Stop AAPI Hate

The world has been dealing with COVID-19 for a little over a year now, and to say it has turned our lives upside down would be an understatement. One of the results of COVID has been an increase in racism and hate crimes toward Asians worldwide, and it is long over due that we all stand up and say “Stop.”

Graphic with green watercolor shapes and white text overlay reading "Stop AAPI Hate"

Hate crimes toward Asian-Americans and Pacific Islanders (AAPI) are up across the globe, here in Orange County, they are up a jaw-dropping 1200 percent. No, that isn’t a typo, 1200 percent. Hate crimes range from verbal and written words of hate, spitting, assault, and the tragedy that recently occurred in Atlanta. The really sad thing is that hate directed at AAPI isn’t anything new in America. From the Chinese Massacre of 1871 and Chinese Exclusion Act of 1882 to Japanese Internment during World War II to the burning of Korean businesses during the LA riots in 1992, just to name a few, AAPI have been used as a scapegoat, and the former man in the White House perpetuated racist attitudes when COVID arrived in the US, using words like “China Virus” and “Kung Flu” thus stoking the flames of hatred and racism.

So, what can you do about it? Lots!


Learning about the AAPI experience is vital, and I recommend the PBS docu-series, Asian Americans, currently available to stream for free on PBS’s website or app, as a way to understand the history of AAPI in America.

Back in August I reviewed They Called Us Enemy, a graphic novel written by George Takei, of Star Trek fame, about his childhood in a Japanese Internment Camp. It is an easy read, and I think a good way to introduce children to the topics of racism. I recommend taking a look at this list of AAPI owned bookstores and seeing if they have it in stock.

If you’re into podcasts PlayerFM has compiled a list of AAPI podcasts.

Visit and support museums centered around stories of AAPI, such as:

Asian Pacific American Center at the Smithsonian, Washington DC

World War II Japanese American Internment Museum/Rohwer Heritage Site, McGehee, Arkansas

Asian Pacific Islander Cultural Center, San Francisco, California

Asian Art Museum, San Francisco, California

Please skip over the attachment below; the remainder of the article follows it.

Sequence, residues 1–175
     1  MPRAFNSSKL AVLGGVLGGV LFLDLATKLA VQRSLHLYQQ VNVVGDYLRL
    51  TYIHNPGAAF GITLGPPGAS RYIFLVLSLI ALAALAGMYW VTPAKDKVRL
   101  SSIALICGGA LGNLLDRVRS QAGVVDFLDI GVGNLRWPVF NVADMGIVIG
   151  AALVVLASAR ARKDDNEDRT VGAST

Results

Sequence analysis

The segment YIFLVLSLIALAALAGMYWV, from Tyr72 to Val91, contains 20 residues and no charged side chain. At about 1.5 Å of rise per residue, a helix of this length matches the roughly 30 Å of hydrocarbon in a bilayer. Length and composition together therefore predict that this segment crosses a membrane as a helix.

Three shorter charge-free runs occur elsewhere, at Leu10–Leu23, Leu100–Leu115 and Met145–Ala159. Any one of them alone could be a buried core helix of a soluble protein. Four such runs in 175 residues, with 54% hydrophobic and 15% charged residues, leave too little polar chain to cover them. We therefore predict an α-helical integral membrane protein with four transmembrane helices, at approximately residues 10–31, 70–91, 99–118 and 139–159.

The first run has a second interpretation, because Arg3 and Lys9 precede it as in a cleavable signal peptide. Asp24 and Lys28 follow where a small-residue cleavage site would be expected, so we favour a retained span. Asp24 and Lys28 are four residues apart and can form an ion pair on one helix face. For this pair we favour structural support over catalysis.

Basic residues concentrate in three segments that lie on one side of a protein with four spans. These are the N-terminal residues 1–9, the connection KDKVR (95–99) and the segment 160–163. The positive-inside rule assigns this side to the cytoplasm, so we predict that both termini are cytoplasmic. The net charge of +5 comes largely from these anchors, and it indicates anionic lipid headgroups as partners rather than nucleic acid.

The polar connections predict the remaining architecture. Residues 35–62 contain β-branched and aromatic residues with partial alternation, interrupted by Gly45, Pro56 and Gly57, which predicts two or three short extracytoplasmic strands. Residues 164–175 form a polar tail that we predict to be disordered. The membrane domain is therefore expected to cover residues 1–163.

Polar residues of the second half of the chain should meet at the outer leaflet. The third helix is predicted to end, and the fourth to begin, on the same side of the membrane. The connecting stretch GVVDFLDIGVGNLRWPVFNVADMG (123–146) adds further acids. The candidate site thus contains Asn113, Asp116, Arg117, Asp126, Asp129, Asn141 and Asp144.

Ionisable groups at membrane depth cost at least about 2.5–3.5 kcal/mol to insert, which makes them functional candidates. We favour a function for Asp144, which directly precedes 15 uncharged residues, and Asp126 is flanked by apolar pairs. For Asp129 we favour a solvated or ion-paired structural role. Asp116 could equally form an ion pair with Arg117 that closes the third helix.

Philippine Folklife Museum, San Francisco, California

Filipino American National Historical Society Museum, Stockton, California

Japanese American Museum, San Jose, California

Chinese American Museum, Los Angeles, California

Japanese American National Museum, Los Angeles, California

Korean American National Museum, Los Angeles, California

USC Pacific Asia Museum, Los Angeles, California

Please note that some museums may be closed or have restrictions due to COVID-19.


Stop AAPI Hate is a website dedicated to reporting hate crimes, and also accepts donations.

You can donate directly to the families of the Atlanta shooting victims via their GoFundMe pages, all of which are listed here.

Also please consider making a donation if you visit a museum.

Stand Up

Find local protests to attend. If you plan on attending a protest amid COVID-19, please remember to wear a mask, even if vaccinated. The ACLU has a resource for knowing your rights during a protest.

Hollaback is a website offering free bystander intervention training online. I recently signed up for a class in late April.


Asian-Owned Etsy Shops to Support Always, but Especially Right Now – Yahoo

Shop and Support the AAPI Community with these 10 Products – Glamour

Asian-Owned Independent Bookstores to Support Now – Bookstr

AAPI-Owned Bookstores to Support –

Listen and Converse

It’s vital to listen to your AAPI friends right now, and hold space for them. Good Therapy has compiled a list of ways to learn how to hold space.

Have tough conversations, both with yourself and others. Recognize and correct any prejudices you may have, and then call out your friends and family when they vocalize any racist or prejudice attitudes.

If you’re a parent, it’s imperative to talk to your children about racism. The American Psychological Association wrote that children become aware of race years before many parents what to have that conversation. The Smithsonian compiled a list of books to help children understand race.


It may not be an election year as I write this, but I’m never not going to remind you to vote. Double check that you are registered to vote or register to vote by clicking here. If you are in a state that doesn’t offer vote-by-mail, find your polling place here.

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